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On the verge of losing her job, Shannon leaps at the chance to sell her graphic novel series to a major publisher. If only she could trust her reclusive artist partner, Ryo, to show up for editorial meetings at the science fiction convention they’re attending. She’d love to have a closer relationship with Ryo, but how can she count on a man who keeps disappearing with the flimsiest of excuses?

Ryo feels the same attraction to Shannon, but he isn’t sure how she’d react to the truth. He’s a kitsune—a fox shapeshifter—prone to transforming at awkward moments. Furthermore, a bungling amateur sorcerer is stalking him. When the wannabe wizard follows him to the convention, Ryo’s secret, liberty, and budding romance with Shannon are all threatened.

[Many people over the decades have written pastiches of C. S. Lewis’s THE SCREWTAPE LETTERS, so I decided to try one. This scenario imagines that the novice tempter Wormwood, having served out his sentence in the House of Correction for utterly failing with his first “patient,” has been given a second chance under the supervision of his Uncle Screwtape. The junior demon, on probationary status, has been transferred from England to the U.S.]

My dear Wormwood,

Yes, a period of political turmoil offers excellent opportunities to undermine your patient’s faith and virtues. However, I am afraid you may be on the wrong track. Do not waste your energy encouraging her to consider the “rights” and “wrongs” of particular issues. That’s the sort of thing the Enemy and His agents worry about. Our goals are purely practical—how can we use any given controversy to lure humans away from the light toward outer darkness? Furthermore, debate on the merits of an issue would stimulate the patient to exercise her reason, the last thing we want. We want beliefs and actions based on emotions and slogans, what modern humans label “sound bites.” As for matters of national policy, those decisions are made by spirits far deeper in the Lowerarchy than you or I. All government officials and other public figures, of course, have their personal tempters. Your sole concern is with your own patient.

What the humans call “social media” can be extremely helpful for guiding her in the desired direction. Encourage her to read messages that agree with the positions she already holds and ignore those that disagree. Or, if she does encounter opposing opinions, incite her to react with automatic outrage rather than rational thought. If you keep her immersed in an atmosphere of conflict, with luck she’ll soon exist in a perpetual state of anxiety and anger, poisoning her whole attitude toward life. If it occurs to her that she should spend less time with the “news” sources that provoke those emotions, remind her of her duty to remain an informed citizen. You should try to induce a mood of constant, low-grade fear as to the outcome if the “wrong” side prevails on Election Day. As I’ve mentioned before (in the context of your previous abysmal failure—I trust you have learned from it, for do not imagine you will be offered a third chance), leading a human to obsess over hypothetical future disasters can impede her embrace of the duties and pleasures of the present moment. Don’t let her pause to realize that it’s impossible for all of a dozen incompatible catastrophes to happen. Make her oblivious to the fact that the real world in which she’s now living bears no necessary relation to the future horrors she imagines.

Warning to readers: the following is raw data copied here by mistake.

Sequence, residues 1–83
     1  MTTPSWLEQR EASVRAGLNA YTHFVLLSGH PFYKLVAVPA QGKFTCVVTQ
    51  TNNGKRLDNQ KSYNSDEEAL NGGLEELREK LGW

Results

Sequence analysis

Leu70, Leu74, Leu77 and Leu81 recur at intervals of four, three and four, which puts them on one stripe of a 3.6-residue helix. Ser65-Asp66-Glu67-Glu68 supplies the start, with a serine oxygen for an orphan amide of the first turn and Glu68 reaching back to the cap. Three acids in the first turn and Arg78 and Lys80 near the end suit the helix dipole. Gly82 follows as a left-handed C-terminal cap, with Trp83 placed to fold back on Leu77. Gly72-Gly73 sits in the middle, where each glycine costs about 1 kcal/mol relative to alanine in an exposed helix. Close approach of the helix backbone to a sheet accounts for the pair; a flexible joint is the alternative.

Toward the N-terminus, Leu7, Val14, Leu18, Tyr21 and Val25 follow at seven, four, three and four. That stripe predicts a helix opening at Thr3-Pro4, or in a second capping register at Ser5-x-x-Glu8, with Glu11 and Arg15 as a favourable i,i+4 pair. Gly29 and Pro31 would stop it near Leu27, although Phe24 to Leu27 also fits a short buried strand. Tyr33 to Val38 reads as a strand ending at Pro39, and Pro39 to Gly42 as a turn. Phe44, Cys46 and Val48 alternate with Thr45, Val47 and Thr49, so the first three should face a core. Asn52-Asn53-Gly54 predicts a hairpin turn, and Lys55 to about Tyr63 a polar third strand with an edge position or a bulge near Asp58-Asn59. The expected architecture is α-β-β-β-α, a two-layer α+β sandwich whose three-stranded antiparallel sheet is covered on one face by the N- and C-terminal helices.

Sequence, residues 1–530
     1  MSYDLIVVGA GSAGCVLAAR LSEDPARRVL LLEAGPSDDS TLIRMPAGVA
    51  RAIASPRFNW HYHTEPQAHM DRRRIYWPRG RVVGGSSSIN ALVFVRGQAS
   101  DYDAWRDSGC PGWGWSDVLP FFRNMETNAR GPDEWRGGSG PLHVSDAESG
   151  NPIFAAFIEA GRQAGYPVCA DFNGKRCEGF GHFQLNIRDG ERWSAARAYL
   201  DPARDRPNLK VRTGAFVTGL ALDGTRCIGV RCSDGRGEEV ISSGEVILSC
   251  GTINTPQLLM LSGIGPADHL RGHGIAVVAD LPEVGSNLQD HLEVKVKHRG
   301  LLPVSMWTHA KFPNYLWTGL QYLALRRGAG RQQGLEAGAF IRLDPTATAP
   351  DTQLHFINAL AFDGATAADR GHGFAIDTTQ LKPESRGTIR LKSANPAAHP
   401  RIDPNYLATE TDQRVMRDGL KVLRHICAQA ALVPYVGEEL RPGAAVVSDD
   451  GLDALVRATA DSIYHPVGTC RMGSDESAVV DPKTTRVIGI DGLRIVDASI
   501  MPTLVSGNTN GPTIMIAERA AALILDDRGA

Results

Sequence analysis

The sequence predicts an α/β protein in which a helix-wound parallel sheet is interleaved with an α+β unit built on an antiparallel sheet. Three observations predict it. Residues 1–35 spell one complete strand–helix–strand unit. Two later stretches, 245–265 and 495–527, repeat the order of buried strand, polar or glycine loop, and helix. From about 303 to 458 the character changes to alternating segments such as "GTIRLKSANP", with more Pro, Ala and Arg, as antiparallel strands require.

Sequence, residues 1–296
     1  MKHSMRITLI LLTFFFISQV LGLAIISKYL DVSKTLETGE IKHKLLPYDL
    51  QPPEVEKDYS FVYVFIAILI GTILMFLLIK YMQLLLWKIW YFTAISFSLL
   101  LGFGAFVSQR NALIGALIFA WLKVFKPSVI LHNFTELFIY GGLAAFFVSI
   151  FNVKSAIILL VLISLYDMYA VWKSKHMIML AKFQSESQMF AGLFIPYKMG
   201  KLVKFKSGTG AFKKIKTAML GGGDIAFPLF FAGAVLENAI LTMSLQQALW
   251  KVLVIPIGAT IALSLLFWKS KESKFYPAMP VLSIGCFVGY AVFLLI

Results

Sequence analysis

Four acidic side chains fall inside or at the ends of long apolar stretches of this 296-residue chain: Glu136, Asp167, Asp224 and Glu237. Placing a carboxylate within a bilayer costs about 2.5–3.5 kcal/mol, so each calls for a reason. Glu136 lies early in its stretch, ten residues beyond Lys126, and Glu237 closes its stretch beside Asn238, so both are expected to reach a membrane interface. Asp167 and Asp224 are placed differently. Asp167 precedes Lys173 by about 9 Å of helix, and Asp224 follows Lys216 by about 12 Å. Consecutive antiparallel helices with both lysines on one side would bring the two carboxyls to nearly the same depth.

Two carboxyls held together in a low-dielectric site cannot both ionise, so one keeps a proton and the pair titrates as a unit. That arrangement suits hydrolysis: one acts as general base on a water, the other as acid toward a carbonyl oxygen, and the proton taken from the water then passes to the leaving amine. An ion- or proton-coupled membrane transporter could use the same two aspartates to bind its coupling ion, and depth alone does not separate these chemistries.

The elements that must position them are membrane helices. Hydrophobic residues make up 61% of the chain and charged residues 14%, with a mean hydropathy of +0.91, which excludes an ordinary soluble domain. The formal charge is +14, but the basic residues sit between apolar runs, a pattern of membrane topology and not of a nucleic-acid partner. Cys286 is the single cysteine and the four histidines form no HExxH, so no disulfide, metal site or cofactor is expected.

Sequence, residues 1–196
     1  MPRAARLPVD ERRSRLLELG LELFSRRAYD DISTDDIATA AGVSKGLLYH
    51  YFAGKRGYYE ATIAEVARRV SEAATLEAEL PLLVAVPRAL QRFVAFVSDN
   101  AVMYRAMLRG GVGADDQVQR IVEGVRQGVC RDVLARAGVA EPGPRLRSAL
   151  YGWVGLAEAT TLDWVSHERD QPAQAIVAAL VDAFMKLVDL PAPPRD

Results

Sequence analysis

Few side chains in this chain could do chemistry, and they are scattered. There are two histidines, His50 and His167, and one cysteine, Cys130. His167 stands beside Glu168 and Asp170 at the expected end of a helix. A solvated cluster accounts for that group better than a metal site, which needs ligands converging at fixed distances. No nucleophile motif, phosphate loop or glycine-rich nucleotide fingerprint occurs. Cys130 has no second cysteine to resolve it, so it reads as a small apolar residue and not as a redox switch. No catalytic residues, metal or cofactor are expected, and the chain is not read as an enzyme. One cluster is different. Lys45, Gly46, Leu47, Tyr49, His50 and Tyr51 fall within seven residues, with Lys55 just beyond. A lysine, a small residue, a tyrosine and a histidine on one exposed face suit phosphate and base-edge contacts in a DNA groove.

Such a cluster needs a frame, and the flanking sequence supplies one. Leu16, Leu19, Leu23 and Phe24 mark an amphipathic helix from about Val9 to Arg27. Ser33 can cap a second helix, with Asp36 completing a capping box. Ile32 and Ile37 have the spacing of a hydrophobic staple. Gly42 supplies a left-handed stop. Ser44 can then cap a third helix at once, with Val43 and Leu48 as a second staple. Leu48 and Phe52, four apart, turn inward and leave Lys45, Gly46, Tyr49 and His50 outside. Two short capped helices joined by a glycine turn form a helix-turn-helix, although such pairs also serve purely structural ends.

If you can’t keep her away from “organized religion” (a useful label by which the Church is often delightfully stereotyped), steer her toward clergy who fuel hostility toward the political opposition rather than those who preach compassion, tolerance, open-mindedness, justice, mercy, and other qualities favorable to the Enemy’s cause. Study the letters to the Corinthians written by that supernal nuisance Paul and influence your patient to do the opposite of what he advises.

Train her to accuse all her opponents of offenses such as “racism” or “hating America.” Thus you inoculate her against any danger of considering the rational merits, if any, of their positions. Convince her that even entertaining the possibility that the other side may occasionally be in the right constitutes “treason.” Even better, get her to adopt the habit of using formerly neutral terms such as “liberal” or “conservative” as insults.

These interactions provide fertile ground for several of the cardinal sins, notably envy and wrath. Anxiety over allegedly limited resources may develop into avarice. Contemptuous dismissal of opponents as delusional plants the seeds of pride. The belief that the world will only grow worse and nothing an individual does will change it can lead to apathy and sloth. The patient can be discouraged from any civic participation, including the vote, on the grounds that it won’t accomplish anything. In time, apathy may blossom into the sin of despair.

Regardless of the results of the upcoming election, by exacerbating these conflicts we may rely on another four years of envy, avarice, wrath, pride, and sloth in American public discourse.

Your affectionate uncle,
Screwtape

A midsummer sailboat race is coming to Annapolis, and Celia Rossi’s 1950s-themed ice cream parlor will have a booth at the waterfront celebration. To keep her business flourishing, she needs to impress both locals and tourists on the festive day. But how? She receives unexpected help when she hires a part-time worker who pops up out of nowhere. Suzie Conroy proves to have an almost magical gift for the craft of artisanal ice cream, yet she acts clueless about some ordinary details of everyday life. And why is she so determined to churn up the perfect batch of tutti frutti?